"My father, offer him my praying-desk. Alas! I have often watered it with my tears, in begging of Heaven strength to forget Henry, since I was not worthy of his love."

"How happy he will be to see that you had a thought for him!"

"The Asylum for Orphans and young women abandoned by their relations, I should desire, my good father--"

Here Rudolph's letter was interrupted by the following words which were almost illegible: "Clemence, Murphy will finish this letter: I have no longer any mind--I am distracted. Oh, the thirteenth of January!!!"

The conclusion of this letter is the handwriting of Murphy, was thus conceived:

YOUR HIGHNESS,--In obedience to the orders of his royal highness, I complete this sad recital. The two letters of my lord must have prepared your royal highness for the overwhelming news which it remains to me to acquaint you with. It was three o'clock; my lord was employed in writing to your royal highness; I was waiting in a neighboring apartment until he should give me the letter, to forward it immediately by a courier. Suddenly I saw the Princess Juliana enter with an air of consternation. "Where is his royal highness?" said she to me, with a voice filled with emotion.

"Princess, my lord is writing to the grand duchess the news of the day."

"Sir Walter, you must inform my lord--a terrible event. You are his friend, be so kind as to inform him; from you the blow will be less terrible."

I understood everything; I thought it more prudent to take this sad revelation upon myself, the superior having added that the Princess Amelia was slowly sinking away, and that my lord must hasten to receive the last sighs of his daughter. I unfortunately had not time to take any precautions. I entered the saloon; his royal highness perceived my paleness. "You have come to acquaint me of some misfortune."

"An irreparable misfortune, my lord--courage."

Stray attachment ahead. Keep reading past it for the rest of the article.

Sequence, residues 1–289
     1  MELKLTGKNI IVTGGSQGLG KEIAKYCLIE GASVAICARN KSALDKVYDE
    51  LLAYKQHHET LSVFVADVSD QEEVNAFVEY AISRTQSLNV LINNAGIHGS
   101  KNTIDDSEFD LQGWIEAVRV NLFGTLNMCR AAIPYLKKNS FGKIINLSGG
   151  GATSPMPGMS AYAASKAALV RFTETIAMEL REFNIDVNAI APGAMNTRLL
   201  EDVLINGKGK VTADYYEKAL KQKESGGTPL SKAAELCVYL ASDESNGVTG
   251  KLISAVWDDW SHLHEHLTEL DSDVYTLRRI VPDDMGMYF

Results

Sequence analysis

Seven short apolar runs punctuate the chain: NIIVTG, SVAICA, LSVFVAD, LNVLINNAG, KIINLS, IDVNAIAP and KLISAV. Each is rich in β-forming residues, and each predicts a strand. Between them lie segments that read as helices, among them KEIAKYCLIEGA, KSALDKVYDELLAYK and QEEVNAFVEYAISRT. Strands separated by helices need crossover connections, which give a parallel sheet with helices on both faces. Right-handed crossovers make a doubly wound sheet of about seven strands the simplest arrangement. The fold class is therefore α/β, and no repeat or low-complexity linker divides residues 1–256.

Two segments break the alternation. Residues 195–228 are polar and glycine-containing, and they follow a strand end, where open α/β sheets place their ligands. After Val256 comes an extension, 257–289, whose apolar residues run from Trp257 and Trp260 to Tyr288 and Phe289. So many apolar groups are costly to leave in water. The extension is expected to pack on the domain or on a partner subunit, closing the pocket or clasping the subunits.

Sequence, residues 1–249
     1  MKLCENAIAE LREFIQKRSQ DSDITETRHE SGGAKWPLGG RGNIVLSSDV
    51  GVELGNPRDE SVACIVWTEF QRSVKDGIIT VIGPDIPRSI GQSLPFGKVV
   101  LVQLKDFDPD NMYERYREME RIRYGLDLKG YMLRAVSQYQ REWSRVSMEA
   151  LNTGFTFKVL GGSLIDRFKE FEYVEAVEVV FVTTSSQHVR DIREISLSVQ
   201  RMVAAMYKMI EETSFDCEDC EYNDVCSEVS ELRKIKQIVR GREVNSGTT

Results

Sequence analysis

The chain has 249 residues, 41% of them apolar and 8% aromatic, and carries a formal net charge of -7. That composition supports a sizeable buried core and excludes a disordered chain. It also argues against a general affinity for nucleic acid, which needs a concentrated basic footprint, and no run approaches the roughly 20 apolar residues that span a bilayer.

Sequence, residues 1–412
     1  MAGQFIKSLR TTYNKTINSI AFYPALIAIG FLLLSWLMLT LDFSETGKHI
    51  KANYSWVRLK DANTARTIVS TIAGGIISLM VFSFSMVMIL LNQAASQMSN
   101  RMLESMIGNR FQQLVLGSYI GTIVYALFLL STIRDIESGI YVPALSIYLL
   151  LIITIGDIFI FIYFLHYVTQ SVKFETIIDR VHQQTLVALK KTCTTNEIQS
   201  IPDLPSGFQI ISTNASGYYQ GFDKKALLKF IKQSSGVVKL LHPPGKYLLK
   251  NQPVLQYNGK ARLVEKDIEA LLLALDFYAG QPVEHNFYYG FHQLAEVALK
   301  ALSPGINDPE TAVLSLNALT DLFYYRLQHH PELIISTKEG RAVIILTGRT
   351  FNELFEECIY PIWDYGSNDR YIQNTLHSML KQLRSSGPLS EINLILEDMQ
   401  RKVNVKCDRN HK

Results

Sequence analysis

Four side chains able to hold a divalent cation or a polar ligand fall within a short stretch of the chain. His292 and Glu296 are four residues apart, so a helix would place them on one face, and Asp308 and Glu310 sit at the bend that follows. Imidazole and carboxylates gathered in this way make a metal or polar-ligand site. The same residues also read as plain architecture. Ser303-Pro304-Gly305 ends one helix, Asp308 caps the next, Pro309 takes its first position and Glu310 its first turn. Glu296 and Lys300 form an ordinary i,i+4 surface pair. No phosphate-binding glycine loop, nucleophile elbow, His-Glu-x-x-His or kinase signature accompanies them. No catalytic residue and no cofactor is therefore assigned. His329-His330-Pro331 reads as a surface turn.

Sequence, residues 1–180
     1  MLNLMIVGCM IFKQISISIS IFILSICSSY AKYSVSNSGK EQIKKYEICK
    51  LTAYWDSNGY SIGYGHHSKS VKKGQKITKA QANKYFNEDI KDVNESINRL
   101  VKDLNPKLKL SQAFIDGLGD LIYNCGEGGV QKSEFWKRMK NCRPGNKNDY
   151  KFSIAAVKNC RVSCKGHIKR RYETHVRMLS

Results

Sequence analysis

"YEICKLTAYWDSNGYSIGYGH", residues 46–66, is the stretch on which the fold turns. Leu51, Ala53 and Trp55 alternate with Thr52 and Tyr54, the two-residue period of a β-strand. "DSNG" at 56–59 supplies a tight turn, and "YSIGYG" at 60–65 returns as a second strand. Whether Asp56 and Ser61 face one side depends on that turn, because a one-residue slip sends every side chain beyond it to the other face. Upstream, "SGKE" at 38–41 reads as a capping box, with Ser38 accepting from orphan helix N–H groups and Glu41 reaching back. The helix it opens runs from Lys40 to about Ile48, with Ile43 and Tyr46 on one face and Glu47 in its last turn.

"Ah, my presentiments!" cried he, and, without adding a word, he ran to the cloister. I followed him.

From the apartment of the superior, the Princess Amelia had been transported into her cell after her last interview with my lord. One of the sisters was watching by her; at the end of an hour she perceived that the voice of the Princess Amelia, who spoke to her at intervals, was becoming weaker, and that she was more distressed. The sister hastened to inform the superior; Dr. David was called; he hoped to remedy this new loss of strength by a cordial, but it was in vain; the pulse was scarcely perceptible; he saw, with despair, that reiterated emotions had probably exhausted the strength of the Princess Amelia; there remained no hope of saving her. It was then that my lord arrived. Princess Amelia had just received the last sacrament; a ray of intelligence still lingered about her; in one of her hands, crossed on her bosom, was the _remains of her little rose-bush._

My lord fell on his knees by her pillow: he sobbed. "My daughter, my beloved child," cried he in a heart-rending tone.

The Princess Amelia heard him, turned her head gently toward him, opened her eyes, endeavored to smile, and said, with a feeble voice:

"My good father, pardon--Henry also--my good mother--forgive."

Such were her last words! After an hour of silent agony, she gave up her spirit to God.

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Mysteries of Paris Volume III Part 81 summary